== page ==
Why I Wrote “Presidential Character” and What I Learned

A few years ago, I started working on a book about the first several presidents and their faith. As a professional historian and a Christian, the intersection of these two topics intrigued me.

Many historians say the Founders were a bunch of Deists who were not that interested in Jesus. Many evangelicals say most of them were Christians, and any of those who weren’t, well, at least they had a Christian worldview. Given these two extreme positions, how could I not be interested?

As I read about the first six presidents and the culture from which they sprang, I became intrigued by the issue of slavery, and how religion in early America dealt with it. I am also interested in philosophies of leadership, and since I was writing about leaders, their different styles began to stand out.

So, I ended up writing Presidential Character, a book about the first six presidents (George Washington, John Adams, Thomas Jefferson, James Madison, James Monroe, & John Quincy Adams) and their views on faith, slavery, and leadership.

After looking at what historians had to say, and looking at these individuals and what they said and did, I have come to some conclusions.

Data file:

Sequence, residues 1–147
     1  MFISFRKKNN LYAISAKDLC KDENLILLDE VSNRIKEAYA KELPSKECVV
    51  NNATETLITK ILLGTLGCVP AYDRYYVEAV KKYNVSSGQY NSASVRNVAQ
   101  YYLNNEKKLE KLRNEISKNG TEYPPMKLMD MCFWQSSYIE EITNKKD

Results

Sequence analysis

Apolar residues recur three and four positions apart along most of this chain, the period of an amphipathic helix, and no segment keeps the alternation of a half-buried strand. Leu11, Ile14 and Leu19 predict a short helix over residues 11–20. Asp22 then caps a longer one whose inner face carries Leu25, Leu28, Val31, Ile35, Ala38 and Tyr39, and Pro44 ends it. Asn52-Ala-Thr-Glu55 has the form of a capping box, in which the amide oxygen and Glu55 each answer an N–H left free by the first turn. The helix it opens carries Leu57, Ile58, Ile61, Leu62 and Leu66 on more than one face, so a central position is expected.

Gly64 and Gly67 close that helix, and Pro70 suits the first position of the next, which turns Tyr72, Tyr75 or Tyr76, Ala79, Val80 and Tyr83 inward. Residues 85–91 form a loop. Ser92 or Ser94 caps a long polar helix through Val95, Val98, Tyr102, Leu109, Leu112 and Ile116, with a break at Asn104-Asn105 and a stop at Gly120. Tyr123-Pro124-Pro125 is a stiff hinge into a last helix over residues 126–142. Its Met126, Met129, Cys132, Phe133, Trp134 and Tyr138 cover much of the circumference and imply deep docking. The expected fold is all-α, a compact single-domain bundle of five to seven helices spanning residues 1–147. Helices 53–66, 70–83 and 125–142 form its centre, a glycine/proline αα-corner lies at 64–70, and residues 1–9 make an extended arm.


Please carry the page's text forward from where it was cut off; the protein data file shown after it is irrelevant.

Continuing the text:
1. At least one of the first 6 presidents was a devout Christian, maybe a second one was, and possibly a third, but three by their own words were not orthodox in their beliefs. (I’d tell you which was which, but, um, I want you to buy the book.)
  2. Four of the first 6 presidents owned slaves. The 6 were all genuinely uncomfortable with it. Some struck remarkable blows against it, but overall they could have done more. One fought to expand it. Slavery was a remarkably complicated issue. There were even those in America who blamed the British for it.
  3. All 6 were smart, some of them were brilliant, and they were all successful, but a few of them did not know how to lead at such a high level.

I really enjoyed writing the book.

I hope you enjoy reading it.

Presidential Character is available at Amazon and for Kindle.